This is such a common issue that I would be more surprised if you did find examples from the same dies. If there were several from the same dies, which also shared the same wear pattern and shape then we could easily conclude it to be a cast. At the moment I am edging towards a corroded and repatinated original. But I will now keep my eyes open for a match to prove that conclusion incorrect.
Style (especially in the lettering style), and fabric leave me with suspicious doubts.
The texture of the surfaces remind me of pressure die casting, similar to zinc alloy diecast toy cars. Very constant thickness is not indicative of ancient manufacture.
I agree that it is possible that the coins have had their appearance treated to make them appear as genuine.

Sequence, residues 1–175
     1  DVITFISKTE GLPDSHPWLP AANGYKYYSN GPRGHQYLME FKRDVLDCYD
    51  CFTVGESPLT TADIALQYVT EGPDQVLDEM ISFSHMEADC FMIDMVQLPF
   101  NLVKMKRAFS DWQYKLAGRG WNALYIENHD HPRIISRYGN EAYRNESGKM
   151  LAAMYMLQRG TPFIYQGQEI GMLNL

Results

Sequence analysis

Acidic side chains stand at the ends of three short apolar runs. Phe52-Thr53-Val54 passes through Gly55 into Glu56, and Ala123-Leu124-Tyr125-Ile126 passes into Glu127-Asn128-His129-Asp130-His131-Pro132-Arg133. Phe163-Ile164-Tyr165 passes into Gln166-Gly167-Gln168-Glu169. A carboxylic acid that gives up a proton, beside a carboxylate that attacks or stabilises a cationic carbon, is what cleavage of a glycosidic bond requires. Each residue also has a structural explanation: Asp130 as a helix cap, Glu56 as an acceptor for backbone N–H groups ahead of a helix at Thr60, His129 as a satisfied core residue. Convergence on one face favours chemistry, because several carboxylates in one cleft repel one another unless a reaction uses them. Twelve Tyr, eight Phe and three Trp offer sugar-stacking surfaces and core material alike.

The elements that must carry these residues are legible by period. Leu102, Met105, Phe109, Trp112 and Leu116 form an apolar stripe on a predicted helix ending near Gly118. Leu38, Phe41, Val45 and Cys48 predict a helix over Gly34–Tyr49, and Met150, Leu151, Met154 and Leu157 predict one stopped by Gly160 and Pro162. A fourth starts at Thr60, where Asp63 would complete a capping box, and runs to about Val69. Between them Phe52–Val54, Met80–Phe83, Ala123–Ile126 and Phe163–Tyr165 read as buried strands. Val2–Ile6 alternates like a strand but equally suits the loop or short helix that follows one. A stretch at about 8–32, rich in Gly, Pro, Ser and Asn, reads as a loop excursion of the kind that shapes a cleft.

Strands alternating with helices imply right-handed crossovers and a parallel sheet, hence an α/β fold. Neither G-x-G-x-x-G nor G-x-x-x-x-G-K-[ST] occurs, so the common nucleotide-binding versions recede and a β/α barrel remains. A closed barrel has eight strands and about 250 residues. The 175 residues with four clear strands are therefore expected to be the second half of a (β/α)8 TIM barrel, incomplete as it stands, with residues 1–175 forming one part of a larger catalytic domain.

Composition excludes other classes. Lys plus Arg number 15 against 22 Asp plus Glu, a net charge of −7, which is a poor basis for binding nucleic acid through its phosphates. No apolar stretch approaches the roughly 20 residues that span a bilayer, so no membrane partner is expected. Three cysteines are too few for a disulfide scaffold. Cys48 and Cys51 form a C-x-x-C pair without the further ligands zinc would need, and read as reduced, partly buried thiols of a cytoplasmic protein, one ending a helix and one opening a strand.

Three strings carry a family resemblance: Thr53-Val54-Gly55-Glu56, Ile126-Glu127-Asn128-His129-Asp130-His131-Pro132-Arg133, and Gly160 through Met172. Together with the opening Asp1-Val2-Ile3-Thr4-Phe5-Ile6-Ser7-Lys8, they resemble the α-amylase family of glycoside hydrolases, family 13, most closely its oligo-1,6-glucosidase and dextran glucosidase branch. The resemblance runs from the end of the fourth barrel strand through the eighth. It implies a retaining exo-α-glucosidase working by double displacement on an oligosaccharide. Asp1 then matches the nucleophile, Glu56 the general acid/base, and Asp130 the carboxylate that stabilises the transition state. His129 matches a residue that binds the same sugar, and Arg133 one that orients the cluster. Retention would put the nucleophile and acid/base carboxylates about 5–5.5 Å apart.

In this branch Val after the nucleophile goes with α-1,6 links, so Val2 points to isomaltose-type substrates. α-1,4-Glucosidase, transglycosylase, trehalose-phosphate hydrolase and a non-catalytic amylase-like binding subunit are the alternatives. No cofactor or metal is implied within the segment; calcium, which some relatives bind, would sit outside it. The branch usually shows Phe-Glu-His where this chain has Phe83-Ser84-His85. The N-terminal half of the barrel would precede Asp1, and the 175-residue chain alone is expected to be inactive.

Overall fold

As far a s provenance is concerned, seller has said where they came from, but I would like independent proof of that, not just the seller's say so. Unfortunately, this sort of independent proof is often not available, even with genuine coins, for many different sorts of reasons.
Although I cannot completely dismiss them as fake, my motivation would be not to buy. There are lots of other nice Probus coins are out there for your consideration, anyway.